Fact #1: When firing a Raufoss MK 211 round, the M107 can penetrate a cinder block wall and destroy anything behind it.

The M107 was adopted not as an anti-personnel weapon, but as an anti-materiel weapon. Its penetrating capability comes from the size and the power of a 50 calibre cartridge. The 50 calibre bullet (also known as NATO 12×7.99 mm cartridge) was a 660 grain bullet. This 660 grain bullet dwarfs the 7.60×51 mm bullet – a bullet typically fired from weapons like the M41, M24 and the M240 machine gun.

Fact #2: The primary difference between the M40 and M24 is action length.

The M40 is similar in many ways to the M24 sniper rifle, but the only big difference is that the M40 is based on the short action Remington model 700. The army chose the M24 which is a long action model, so that the troops could have the flexibility of using either the 7.62×51 mm cartridge or the more powerful 300 Winchester Magnum.

Fact #3: The M25 is actually an upgraded M14.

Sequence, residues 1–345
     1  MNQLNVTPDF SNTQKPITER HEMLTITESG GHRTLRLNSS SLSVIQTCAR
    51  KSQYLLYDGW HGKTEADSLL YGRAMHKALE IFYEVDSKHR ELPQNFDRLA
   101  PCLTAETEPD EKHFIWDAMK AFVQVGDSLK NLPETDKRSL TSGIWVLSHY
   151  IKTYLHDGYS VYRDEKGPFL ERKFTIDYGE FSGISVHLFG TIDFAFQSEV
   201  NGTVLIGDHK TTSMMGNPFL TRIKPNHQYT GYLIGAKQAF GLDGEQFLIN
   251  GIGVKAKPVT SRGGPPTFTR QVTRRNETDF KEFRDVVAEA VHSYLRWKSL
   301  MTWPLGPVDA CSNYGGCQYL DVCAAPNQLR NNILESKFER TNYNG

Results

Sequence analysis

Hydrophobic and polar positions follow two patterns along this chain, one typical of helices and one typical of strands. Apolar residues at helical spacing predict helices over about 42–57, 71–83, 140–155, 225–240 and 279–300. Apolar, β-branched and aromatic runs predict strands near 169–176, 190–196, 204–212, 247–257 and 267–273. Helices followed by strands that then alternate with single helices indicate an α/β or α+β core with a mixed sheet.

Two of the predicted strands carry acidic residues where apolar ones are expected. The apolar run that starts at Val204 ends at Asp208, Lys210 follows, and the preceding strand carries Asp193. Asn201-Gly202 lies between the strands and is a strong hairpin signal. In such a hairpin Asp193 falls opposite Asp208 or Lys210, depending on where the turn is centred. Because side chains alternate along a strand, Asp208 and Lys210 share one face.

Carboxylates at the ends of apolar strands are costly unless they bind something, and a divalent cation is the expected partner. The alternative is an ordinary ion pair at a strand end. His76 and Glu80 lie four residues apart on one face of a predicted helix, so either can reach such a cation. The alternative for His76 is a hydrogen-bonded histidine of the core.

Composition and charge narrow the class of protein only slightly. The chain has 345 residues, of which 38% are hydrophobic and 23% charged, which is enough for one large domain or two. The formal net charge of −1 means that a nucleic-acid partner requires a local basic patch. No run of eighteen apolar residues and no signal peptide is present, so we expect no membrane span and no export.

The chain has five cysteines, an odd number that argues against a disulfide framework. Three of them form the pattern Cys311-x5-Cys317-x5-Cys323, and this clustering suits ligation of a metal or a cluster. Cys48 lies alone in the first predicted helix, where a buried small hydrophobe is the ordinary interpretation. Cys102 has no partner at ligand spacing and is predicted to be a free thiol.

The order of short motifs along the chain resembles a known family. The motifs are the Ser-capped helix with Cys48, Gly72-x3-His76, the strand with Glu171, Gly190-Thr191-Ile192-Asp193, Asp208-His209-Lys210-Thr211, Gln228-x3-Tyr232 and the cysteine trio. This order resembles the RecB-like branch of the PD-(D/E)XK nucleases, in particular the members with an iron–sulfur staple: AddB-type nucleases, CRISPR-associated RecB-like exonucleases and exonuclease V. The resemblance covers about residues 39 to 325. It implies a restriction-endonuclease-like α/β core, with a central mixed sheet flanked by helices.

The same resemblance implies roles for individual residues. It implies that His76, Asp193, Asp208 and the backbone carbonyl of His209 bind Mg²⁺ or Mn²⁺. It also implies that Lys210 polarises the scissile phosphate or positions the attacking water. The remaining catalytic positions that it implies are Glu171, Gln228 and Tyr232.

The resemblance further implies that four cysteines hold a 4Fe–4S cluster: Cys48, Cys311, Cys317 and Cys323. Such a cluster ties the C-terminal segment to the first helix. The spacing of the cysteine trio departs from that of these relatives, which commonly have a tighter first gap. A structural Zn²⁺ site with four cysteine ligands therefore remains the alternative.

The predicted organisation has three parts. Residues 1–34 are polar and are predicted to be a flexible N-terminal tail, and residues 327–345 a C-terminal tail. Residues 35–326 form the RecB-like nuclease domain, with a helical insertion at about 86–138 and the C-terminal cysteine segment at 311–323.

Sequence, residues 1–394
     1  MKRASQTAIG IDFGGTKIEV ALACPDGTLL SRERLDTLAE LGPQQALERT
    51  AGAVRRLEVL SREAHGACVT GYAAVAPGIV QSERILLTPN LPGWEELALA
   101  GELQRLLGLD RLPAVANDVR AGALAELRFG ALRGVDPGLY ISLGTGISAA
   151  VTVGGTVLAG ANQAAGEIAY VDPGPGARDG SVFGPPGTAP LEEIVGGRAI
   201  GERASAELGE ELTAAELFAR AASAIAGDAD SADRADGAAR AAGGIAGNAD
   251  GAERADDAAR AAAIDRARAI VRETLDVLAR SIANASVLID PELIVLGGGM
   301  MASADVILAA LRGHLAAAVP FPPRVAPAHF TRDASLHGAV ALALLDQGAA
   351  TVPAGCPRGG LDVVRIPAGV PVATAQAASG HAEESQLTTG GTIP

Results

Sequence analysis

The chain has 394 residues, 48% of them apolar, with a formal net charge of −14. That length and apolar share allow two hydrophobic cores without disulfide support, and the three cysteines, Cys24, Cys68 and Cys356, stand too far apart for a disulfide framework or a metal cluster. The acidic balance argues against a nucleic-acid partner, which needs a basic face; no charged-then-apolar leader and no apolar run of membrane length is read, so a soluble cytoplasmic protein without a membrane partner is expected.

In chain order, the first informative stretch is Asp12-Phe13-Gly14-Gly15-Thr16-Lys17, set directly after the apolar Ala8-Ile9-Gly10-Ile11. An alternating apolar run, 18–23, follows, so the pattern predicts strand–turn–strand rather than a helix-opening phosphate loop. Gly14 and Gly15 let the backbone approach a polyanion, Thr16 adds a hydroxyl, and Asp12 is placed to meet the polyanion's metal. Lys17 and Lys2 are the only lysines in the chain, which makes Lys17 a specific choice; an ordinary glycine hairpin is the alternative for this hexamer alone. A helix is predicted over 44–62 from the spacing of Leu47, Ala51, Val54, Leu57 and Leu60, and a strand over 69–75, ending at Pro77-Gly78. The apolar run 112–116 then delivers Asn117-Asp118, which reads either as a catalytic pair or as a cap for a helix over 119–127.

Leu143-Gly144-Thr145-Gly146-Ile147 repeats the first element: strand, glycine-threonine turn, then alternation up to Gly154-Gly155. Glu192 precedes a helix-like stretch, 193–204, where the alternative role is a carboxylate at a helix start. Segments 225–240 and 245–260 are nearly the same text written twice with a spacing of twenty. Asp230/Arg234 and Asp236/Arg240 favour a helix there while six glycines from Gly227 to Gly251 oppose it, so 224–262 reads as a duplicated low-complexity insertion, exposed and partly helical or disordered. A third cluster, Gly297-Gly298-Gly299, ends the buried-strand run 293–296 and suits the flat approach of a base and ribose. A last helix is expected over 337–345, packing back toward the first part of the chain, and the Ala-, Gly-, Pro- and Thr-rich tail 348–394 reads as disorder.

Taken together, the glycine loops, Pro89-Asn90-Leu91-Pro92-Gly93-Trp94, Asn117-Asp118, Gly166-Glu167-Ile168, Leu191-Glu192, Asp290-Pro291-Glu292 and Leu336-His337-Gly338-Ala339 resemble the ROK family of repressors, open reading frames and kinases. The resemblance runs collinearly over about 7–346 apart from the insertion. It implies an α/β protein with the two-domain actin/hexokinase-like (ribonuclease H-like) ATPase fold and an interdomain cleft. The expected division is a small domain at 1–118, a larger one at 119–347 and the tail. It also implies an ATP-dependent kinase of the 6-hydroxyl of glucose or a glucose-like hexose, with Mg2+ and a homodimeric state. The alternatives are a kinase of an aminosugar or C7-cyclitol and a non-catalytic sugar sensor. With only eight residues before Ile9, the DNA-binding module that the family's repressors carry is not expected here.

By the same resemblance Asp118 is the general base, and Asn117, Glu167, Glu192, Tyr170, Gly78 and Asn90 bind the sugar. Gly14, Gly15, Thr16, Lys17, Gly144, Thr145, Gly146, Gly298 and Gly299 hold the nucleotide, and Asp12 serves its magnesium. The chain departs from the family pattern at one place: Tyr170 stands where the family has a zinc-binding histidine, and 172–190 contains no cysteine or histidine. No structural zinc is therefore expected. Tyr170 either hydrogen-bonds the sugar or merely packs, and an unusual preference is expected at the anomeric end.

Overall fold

The M14 was initially developed in the 1950s and was used in rugged situations during the Vietnam War. The Afghanistan War prompted the U.S. military to bring back the M14 as the M25, which they found to be effective in the Afghanistan war zone.

Fact #4: When the MK 12 was introduced, it was the only semi-auto sniper rifle firing 5.56 ammo.

No other rifle in the U.S. Military service was firing the 5.56 cartridge but the MK 12. The MK 12 allowed the shooter the capability to put more rounds downrange with great accuracy.

Fact #5: The M110 was the first semi-auto sniper rifle designed from the ground up.

Most U.S. service rifles were simply modifications of previous rifles. The M110, on the other hand, was imagined from the ground up as being a sniper rifle system.





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